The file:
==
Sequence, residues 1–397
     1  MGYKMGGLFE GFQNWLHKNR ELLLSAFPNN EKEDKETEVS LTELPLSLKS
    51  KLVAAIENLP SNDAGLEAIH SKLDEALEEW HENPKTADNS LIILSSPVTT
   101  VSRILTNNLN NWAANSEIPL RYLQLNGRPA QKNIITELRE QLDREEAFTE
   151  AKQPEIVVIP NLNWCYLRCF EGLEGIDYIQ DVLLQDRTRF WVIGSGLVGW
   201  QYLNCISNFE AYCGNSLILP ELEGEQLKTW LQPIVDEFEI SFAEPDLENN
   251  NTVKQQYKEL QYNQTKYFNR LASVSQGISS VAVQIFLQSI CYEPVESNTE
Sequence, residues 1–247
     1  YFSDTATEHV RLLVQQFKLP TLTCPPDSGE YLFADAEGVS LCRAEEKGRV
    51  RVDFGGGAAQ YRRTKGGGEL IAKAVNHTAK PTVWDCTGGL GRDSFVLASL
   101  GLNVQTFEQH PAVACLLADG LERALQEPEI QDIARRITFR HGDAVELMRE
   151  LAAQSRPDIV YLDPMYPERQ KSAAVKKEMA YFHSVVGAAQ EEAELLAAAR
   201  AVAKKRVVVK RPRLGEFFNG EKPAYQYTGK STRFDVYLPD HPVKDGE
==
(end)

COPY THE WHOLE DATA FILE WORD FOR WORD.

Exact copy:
Sequence, residues 1–397
     1  MGYKMGGLFE GFQNWLHKNR ELLLSAFPNN EKEDKETEVS LTELPLSLKS
    51  KLVAAIENLP SNDAGLEAIH SKLDEALEEW HENPKTADNS LIILSSPVTT
   101  VSRILTNNLN NWAANSEIPL RYLQLNGRPA QKNIITELRE QLDREEAFTE
   151  AKQPEIVVIP NLNWCYLRCF EGLEGIDYIQ DVLLQDRTRF WVIGSGLVGW
   201  QYLNCISNFE AYCGNSLILP ELEGEQLKTW LQPIVDEFEI SFAEPDLENN
   251  NTVKQQYKEL QYNQTKYFNR LASVSQGISS VAVQIFLQSI CYEPVESNTE
Sequence, residues 1–247
     1  YFSDTATEHV RLLVQQFKLP TLTCPPDSGE YLFADAEGVS LCRAEEKGRV
    51  RVDFGGGAAQ YRRTKGGGEL IAKAVNHTAK PTVWDCTGGL GRDSFVLASL
   101  GLNVQTFEQH PAVACLLADG LERALQEPEI QDIARRITFR HGDAVELMRE
   151  LAAQSRPDIV YLDPMYPERQ KSAAVKKEMA YFHSVVGAAQ EEAELLAAAR
   201  AVAKKRVVVK RPRLGEFFNG EKPAYQYTGK STRFDVYLPD HPVKDGE